According to Butler, entrepreneurs often feel their struggles are unique, especially in the start-up arena. Having candid conversations with business “veterans” provides the opportunity to ask fear-based and curiosity-based questions that may help students more clearly decide on a career direction.

— Sandy Hillman, class of 1963 in arts and letters, is president of Sandy Hillman Communications in Baltimore, Maryland, and will host this year’s panel presentation. She is a hands-on manager of her own communications firm, where she is responsible for maintaining high-level client service and for motivating her team to perform at their best.

“I believe there is no substitute for the voice of experience, and that those of us who have been able to enjoy richly rewarding careers have an obligation to pass on a positive message and inspire future generations,” Hillman said. She also noted a personal commitment to mentoring and supporting women in the workplace, as a first-generation college student who wants to pass on the message of empowerment that she was raised with.

— KerriLaine Prunella, class of 2001 in international politics, is a specialist leader in Deloitte’s Human Capital Practice in Washington, D.C., where she leads teams to develop and strategically align human capital programs and administrative operations enabling clients to achieve results. Her areas of expertise include talent development, organizational performance management, talent acquisition, and human resource operations.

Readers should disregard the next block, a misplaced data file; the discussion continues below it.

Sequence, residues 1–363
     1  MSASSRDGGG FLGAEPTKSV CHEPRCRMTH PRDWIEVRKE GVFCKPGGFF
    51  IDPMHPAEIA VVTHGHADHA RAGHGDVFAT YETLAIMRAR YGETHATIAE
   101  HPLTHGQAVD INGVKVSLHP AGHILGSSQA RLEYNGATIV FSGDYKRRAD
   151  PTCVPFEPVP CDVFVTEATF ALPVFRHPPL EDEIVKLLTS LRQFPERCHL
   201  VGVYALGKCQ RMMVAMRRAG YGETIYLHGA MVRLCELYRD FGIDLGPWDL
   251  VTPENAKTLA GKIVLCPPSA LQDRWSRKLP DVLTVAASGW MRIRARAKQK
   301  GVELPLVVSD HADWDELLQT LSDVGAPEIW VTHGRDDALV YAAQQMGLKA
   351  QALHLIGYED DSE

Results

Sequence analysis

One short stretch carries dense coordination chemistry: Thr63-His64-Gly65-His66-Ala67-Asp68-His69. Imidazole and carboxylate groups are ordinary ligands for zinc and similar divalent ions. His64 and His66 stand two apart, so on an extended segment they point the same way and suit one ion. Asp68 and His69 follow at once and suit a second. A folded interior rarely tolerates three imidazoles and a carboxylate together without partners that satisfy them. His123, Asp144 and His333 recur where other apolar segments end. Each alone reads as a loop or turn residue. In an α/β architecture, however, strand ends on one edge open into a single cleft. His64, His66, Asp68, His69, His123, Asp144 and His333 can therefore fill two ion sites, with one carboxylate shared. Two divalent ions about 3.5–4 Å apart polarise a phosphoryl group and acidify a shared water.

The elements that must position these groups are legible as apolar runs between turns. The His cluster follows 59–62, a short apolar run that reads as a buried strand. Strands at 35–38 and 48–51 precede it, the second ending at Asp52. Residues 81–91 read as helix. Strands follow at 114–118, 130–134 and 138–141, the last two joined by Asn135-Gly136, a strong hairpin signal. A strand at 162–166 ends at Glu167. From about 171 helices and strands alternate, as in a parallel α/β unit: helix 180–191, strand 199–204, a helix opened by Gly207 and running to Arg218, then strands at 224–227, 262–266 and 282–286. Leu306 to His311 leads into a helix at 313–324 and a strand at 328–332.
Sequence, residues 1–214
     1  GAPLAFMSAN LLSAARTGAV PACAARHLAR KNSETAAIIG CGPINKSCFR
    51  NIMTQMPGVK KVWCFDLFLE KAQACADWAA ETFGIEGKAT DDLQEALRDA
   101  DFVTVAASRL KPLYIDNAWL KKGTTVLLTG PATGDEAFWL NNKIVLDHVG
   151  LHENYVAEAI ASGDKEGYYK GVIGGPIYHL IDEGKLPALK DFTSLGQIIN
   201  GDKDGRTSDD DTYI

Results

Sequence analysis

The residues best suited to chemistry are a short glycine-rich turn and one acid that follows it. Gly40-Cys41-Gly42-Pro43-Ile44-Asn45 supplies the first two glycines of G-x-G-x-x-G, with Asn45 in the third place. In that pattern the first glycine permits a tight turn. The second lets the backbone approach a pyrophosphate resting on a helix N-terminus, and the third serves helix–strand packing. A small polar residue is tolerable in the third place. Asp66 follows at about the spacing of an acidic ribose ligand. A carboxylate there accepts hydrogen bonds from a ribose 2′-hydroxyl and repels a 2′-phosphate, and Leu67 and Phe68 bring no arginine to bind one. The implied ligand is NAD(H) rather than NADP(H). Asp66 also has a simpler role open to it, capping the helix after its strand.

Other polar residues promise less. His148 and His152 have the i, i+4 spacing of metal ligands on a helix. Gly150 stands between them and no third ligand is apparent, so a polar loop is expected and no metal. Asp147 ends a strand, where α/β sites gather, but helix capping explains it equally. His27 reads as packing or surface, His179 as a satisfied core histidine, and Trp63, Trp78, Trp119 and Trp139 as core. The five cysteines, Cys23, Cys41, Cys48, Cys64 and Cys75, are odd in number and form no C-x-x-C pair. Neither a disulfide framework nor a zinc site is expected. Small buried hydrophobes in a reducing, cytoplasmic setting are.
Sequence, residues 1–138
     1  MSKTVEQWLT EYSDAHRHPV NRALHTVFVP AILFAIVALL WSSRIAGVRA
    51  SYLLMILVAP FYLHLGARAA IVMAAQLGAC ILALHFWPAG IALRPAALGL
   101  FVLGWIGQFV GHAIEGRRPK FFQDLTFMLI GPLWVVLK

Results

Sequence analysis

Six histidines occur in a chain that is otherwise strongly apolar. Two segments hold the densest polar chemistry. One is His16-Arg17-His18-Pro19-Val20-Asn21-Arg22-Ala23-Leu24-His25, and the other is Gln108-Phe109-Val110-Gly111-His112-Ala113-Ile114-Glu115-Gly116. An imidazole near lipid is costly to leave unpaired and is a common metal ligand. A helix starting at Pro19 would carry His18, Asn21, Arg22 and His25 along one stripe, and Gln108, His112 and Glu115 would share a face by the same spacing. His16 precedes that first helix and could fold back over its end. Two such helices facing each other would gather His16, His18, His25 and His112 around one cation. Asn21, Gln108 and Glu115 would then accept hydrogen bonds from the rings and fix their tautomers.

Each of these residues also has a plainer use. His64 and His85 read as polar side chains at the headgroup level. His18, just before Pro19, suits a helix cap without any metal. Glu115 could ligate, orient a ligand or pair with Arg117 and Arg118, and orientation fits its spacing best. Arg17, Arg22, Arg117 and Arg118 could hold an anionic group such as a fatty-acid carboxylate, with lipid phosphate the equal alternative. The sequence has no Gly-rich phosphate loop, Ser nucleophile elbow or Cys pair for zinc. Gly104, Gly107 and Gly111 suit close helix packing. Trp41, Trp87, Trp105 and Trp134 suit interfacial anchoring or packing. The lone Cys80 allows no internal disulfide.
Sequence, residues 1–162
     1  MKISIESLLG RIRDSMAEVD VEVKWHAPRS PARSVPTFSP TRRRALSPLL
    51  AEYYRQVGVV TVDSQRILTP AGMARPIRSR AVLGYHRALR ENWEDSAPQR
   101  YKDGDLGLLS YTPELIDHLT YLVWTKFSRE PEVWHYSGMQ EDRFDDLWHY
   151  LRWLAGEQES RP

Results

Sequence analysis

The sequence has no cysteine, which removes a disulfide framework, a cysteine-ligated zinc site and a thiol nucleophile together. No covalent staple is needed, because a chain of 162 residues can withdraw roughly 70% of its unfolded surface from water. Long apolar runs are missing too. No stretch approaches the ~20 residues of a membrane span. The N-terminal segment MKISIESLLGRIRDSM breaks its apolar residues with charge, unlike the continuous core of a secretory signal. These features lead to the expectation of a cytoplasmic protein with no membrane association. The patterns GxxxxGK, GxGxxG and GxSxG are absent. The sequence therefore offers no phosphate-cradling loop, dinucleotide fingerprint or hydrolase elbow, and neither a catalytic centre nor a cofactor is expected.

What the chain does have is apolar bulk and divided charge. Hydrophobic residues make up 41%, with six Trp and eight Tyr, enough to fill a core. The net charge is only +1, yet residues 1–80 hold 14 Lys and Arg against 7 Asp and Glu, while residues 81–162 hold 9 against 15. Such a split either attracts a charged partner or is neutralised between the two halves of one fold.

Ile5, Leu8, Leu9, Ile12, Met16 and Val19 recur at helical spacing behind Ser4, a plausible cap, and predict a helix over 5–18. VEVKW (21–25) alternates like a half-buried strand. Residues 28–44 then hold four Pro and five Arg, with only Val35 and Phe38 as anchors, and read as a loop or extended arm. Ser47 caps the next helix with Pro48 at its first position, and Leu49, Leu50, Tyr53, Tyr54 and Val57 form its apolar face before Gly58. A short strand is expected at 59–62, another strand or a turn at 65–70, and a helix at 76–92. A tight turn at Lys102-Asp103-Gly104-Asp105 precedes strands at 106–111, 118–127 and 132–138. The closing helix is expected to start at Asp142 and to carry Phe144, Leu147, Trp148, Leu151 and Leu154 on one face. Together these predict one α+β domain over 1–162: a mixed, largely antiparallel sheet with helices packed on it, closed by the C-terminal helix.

“I cannot emphasize how supportive the Penn State alumni are at all stages of navigating a career,” Prunella said. “They are always willing to help serve as a sounding board for ideas, to become a formal mentor, or to make additional referrals. Building a lasting network beyond a social media connection — though those are helpful for staying connected — is so important.”

— Cindy Southworth, class of 1993 in health and human development, is executive vice president and interim CEO of the National Network to End Domestic Violence in Washington, D.C. She leads the organization’s signature projects that address public policy, capacity building, housing, technology, legal issues, HIV and domestic violence, and economic justice. Having worked to end violence against women for more than 25 years, she also trains corporations and works collaboratively with nonprofits around the world.

“My mentors helped me navigate my own career path, and I enjoy giving back and helping other students brainstorm about directions they might take to achieve their own career goals,” Southworth said. “When I look back at my own path, I have concrete advice about the power of getting hands-on experience. Whether that be by answering hotline calls one weekend a month or helping plan an annual event, tangible experience has been as important as the history and theory that I once learned in the classroom.”

Additional details, including alumnae biographies, stories, and the one-on-one meeting registration form, can be found online at http://bit.do/Women-in-Leadership-2019.

  • 2019 Women in Leadership Event Information

    The Penn State College of the Liberal Arts will hold its fifth annual “Penn State Women:  Leaders of Today and Tomorrow” panel and networking reception Sept. 25, followed by one-on-one meetings with the alumnae participants the next morning (Sept. 26). 

    IMAGE: Penn State

(Media Contacts)

Last Updated September 26, 2019